Fabian Nicieza: Yes, but it's more than that, too. The way it's working out is that it's a continuing story told in self-contained single issues. There is an absolute running through line in the books. There's two running through lines, really. One of which is Bruce Wayne's return and how he is evaluating the current status quo of the individual characters that are involved in the one-shots, as well as gauging the role those characters may or may not play in his larger plans, which is "Batman, Inc." The majority of the characters he is evaluating don't even know that he's returned. Some of them find out during the course of their individual one-shots; some of them don't learn yet at all. It depended on how each individual story worked out, and that's part of the self-contained aspect of the issues. Each issue has its own story to tell that's part of what these characters do during their evaluations.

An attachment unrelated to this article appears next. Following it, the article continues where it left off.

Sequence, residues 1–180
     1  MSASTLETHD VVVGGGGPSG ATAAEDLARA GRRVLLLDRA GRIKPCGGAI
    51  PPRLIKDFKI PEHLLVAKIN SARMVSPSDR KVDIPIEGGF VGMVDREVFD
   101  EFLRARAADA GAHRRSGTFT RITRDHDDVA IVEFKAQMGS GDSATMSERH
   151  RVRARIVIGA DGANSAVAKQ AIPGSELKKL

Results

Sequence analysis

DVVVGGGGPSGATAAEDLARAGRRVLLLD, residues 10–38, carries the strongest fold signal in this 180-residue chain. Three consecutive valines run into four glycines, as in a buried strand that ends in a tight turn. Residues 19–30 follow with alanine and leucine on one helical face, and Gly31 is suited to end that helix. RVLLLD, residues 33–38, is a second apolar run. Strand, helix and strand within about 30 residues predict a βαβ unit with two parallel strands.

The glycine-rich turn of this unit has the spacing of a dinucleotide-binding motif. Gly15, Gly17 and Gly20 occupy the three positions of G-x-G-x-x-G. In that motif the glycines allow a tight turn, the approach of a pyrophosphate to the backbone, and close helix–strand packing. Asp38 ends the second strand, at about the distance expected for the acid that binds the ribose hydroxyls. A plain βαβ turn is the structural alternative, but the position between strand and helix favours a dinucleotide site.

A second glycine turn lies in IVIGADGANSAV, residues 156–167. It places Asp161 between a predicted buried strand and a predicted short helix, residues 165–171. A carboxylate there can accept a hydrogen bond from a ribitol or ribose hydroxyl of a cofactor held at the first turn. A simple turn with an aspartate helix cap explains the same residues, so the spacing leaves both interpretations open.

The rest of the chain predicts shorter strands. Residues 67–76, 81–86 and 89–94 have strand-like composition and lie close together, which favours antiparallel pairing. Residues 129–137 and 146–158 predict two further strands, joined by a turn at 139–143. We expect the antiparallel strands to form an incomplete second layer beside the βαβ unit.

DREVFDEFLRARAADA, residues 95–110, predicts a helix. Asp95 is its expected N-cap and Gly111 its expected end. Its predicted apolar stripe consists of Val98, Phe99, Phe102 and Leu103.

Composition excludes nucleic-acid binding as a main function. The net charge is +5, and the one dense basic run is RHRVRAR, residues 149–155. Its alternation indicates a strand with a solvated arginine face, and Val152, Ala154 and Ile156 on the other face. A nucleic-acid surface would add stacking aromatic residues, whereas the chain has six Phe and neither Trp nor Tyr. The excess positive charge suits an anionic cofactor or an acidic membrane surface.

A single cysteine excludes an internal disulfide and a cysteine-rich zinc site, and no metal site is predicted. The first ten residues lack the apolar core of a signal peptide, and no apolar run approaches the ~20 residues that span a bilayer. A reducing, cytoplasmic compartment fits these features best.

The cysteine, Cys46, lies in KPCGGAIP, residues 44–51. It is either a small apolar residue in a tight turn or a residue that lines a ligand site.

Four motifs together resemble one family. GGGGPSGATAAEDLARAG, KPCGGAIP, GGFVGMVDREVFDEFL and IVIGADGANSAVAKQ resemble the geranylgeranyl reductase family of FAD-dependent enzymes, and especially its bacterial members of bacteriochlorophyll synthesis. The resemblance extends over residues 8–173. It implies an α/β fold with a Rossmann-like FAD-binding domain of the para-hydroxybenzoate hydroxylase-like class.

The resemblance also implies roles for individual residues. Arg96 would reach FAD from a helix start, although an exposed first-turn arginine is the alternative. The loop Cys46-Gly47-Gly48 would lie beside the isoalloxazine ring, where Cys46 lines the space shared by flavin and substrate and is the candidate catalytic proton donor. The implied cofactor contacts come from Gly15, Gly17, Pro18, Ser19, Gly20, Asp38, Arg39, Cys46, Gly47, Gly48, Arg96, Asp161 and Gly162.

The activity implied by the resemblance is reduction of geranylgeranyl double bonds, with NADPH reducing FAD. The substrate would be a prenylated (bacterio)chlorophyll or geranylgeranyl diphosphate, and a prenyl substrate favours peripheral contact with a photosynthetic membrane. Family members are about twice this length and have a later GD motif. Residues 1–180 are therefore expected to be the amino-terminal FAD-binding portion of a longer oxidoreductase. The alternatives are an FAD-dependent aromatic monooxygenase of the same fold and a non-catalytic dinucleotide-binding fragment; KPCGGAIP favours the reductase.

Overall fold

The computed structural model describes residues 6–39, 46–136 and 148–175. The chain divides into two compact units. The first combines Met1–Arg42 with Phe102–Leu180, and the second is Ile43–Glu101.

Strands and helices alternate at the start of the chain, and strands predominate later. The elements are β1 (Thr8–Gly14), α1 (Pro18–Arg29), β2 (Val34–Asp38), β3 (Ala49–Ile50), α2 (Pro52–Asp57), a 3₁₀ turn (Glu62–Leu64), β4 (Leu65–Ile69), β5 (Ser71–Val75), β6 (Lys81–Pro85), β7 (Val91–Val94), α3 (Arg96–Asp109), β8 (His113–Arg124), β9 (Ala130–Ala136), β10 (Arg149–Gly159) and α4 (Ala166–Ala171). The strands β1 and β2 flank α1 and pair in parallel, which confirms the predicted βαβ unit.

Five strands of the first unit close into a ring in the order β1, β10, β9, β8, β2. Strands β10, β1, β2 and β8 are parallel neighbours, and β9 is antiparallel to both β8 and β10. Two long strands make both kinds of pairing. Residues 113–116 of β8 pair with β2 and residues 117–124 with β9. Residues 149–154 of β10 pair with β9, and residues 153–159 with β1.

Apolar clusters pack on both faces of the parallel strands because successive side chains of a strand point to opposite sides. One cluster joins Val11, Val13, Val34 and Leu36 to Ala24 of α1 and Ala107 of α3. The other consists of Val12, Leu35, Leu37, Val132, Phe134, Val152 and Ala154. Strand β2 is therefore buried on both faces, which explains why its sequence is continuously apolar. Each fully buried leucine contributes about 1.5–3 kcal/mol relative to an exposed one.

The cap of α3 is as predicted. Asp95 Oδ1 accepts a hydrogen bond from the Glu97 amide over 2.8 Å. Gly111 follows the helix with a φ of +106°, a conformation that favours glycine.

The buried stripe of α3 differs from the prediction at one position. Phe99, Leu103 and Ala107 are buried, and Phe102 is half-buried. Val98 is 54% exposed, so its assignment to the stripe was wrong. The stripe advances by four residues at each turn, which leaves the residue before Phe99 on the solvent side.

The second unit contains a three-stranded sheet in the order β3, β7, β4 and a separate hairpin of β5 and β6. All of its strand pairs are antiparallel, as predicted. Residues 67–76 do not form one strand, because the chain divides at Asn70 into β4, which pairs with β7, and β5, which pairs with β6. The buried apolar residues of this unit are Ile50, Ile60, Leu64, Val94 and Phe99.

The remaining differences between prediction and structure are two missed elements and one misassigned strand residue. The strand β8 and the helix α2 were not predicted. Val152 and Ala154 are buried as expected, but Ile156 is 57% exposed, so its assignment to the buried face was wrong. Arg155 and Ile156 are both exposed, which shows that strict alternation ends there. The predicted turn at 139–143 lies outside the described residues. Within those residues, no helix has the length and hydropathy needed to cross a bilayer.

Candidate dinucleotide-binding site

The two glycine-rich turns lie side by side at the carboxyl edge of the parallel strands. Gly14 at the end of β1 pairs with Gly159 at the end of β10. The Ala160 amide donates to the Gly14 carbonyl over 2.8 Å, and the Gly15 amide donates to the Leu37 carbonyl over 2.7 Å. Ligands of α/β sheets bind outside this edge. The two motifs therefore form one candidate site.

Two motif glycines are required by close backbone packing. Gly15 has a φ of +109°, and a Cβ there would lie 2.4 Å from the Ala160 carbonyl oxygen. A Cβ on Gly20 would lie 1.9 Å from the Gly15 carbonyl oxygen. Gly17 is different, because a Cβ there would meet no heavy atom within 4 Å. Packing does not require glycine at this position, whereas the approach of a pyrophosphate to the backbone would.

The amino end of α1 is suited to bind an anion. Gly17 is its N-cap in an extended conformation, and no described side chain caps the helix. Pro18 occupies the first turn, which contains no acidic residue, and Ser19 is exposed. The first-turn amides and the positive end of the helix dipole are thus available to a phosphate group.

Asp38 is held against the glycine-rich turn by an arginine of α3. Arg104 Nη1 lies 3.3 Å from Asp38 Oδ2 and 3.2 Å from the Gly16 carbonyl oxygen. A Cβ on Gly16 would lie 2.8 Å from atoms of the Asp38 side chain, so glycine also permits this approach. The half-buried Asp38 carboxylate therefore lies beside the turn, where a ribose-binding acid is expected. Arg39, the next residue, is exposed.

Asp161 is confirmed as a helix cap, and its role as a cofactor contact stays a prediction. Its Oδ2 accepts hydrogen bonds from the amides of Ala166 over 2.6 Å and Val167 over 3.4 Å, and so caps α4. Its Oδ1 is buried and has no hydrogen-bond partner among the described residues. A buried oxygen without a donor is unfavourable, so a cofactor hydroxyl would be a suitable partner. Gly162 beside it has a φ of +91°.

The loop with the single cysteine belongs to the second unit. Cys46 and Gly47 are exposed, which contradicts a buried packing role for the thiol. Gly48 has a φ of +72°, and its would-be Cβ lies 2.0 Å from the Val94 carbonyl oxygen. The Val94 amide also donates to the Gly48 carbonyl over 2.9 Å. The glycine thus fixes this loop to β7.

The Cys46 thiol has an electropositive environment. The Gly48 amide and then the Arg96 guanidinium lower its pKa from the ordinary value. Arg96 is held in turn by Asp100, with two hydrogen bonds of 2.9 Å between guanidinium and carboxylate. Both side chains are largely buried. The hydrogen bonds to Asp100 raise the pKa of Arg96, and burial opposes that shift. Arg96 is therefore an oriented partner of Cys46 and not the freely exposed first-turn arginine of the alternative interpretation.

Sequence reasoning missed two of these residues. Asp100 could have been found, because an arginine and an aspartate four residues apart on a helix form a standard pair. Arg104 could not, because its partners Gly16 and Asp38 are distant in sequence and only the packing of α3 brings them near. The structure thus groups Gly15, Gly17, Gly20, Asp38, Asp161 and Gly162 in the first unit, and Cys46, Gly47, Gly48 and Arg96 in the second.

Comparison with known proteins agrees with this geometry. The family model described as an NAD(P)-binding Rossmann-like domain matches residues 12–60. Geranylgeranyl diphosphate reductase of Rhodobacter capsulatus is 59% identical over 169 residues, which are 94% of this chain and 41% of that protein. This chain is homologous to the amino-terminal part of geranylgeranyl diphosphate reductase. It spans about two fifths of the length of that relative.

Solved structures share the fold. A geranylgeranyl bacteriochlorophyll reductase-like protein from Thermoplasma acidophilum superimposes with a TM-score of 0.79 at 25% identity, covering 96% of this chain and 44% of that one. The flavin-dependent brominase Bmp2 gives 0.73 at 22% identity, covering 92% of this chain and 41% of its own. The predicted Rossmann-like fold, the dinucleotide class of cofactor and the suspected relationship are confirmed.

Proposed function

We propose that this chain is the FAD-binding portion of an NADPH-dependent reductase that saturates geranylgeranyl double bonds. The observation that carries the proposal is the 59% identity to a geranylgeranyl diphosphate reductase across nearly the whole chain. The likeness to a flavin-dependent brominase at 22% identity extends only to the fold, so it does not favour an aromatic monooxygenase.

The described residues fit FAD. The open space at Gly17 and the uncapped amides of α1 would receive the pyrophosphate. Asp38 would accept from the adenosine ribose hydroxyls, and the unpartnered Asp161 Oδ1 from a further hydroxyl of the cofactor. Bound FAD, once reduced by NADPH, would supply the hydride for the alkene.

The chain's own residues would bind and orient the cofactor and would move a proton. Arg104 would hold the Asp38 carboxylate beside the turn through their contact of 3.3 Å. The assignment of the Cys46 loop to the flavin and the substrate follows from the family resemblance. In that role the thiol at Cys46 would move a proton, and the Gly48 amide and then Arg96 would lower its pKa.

The second running through line in all the books - which is actually picking up cleanly off a running subplot that's been going on in the Bat-family for a year now - is Vicki Vale's knowledge of the secret identities of Bruce Wayne, Dick Grayson and Tim Drake. She has knowledge of this, but she doesn't technically have proof. She can't print a story until she has proof, so she's trying to find proof. That running subplot is picked up on to a lesser or a greater extent in the individual one-shots. By the later chapters in the event, it takes on a greater focus.
That's very interesting, because it's pretty different than what readers would originally expect upon first glance at all this.